During tours in our production department, at fairs or just listening to us tell our story, many of you have asked why bronze-cut pasta tastes better.
What is a bronze die?
The first phase of making egg pasta is the creation of the dough, the mass, the combination of ingredients used. In our case durum wheat semolina, wheat flour and fresh eggs.
Once you have the dough it must be rolled out. Our grandmothers and those who roll the dough out at home usually do this on wooden surface with a rolling pin. The pasta factories, be they artisan or not, use instead a tool which gives shape to the pasta and is called the extruder. What happens is that the dough is pushed against the die ending where it is forced through the shaped dies that are located on its surface, and which have the chosen shape for the pasta to be produced. In our case the egg pasta sheet, but the same applies to hard wheat pasta: spaghetti, penne, fusilli and so on.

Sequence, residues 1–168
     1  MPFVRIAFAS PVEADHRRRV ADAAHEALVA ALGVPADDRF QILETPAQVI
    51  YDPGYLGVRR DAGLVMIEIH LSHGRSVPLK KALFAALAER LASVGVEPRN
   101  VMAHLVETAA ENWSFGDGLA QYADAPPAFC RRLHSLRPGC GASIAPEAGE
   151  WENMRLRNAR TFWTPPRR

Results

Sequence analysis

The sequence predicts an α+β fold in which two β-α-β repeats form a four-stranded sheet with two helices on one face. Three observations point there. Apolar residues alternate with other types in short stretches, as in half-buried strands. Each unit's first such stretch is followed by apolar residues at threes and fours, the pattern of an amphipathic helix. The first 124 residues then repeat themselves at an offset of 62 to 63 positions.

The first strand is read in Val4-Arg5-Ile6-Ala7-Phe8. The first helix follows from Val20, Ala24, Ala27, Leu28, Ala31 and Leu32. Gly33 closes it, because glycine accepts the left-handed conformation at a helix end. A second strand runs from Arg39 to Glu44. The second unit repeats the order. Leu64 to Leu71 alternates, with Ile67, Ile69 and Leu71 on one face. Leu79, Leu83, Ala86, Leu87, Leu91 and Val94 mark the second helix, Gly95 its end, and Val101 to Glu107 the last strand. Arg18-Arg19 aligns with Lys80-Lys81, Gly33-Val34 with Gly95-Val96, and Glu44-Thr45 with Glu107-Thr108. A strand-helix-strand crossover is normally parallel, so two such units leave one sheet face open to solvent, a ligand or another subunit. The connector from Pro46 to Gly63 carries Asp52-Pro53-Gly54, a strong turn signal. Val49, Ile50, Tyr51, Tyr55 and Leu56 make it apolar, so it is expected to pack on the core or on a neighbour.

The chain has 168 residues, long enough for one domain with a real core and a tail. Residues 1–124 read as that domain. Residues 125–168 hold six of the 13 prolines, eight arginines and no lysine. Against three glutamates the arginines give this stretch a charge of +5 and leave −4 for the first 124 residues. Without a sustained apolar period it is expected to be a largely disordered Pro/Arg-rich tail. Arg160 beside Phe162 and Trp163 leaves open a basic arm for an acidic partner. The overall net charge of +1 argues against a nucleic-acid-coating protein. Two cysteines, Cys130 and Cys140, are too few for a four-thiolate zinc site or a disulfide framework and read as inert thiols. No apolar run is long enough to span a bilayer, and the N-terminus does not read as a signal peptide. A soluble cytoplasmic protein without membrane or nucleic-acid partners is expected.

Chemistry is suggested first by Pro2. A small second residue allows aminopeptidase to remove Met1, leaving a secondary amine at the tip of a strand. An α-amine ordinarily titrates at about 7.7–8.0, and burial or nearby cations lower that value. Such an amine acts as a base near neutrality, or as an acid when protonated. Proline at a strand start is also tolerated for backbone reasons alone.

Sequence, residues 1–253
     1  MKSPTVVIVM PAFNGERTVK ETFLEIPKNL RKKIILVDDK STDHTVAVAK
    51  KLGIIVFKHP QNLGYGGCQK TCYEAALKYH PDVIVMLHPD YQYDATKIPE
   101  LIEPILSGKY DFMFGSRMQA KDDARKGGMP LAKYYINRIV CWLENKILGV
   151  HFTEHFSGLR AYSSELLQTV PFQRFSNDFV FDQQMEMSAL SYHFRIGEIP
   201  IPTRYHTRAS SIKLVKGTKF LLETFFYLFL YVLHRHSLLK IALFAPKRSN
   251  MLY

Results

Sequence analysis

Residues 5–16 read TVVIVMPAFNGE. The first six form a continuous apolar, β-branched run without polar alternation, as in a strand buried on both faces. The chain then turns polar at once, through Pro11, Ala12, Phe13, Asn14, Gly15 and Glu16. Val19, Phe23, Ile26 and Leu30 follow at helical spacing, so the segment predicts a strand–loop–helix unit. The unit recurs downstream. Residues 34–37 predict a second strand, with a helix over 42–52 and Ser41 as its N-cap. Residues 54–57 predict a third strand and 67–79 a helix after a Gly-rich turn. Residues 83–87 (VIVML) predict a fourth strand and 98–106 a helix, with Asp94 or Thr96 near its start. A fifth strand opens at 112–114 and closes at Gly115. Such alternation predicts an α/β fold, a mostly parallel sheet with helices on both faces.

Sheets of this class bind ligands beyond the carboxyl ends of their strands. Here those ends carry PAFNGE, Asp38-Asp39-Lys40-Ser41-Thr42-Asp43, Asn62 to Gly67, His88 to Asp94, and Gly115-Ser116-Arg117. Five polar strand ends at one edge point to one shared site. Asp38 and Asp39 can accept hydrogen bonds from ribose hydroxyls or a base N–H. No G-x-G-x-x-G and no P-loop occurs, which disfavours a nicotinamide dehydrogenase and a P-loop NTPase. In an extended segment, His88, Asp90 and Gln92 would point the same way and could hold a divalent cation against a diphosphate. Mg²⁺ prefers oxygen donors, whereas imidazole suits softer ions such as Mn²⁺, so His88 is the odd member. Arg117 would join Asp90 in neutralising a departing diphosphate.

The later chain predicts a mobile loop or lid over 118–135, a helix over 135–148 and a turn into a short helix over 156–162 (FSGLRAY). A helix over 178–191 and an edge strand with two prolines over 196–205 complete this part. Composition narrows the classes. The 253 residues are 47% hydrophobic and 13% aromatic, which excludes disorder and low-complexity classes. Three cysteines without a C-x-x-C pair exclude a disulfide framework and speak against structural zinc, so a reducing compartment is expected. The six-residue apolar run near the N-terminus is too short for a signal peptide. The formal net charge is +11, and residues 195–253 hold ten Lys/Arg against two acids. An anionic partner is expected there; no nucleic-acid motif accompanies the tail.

Why use a bronze die?
The bronze die is a traditional part of processing the dough, but this alone does not justify its use. Metal in fact costs more than other materials (e.g. Teflon) and requires a longer processing time. But the qualitative benefits that the use of bronze dies gives to the pasta are huge. Coming into contact with bronze, small abrasions appear on the surface of the dough resulting in a particular porosity, which helps the pasta to absorb sauces and dressings in an exceptional way. Something which is impossible to achieve with Teflon dies.
Moreover, working with bronze dies implies using high-quality durum wheat and very long drying procedures. And this means not affecting the organoleptic and nutritional properties of the raw materials used: minerals and vitamins, and also flavors and fragrances will be on your table as they originally were, at the beginning of the process.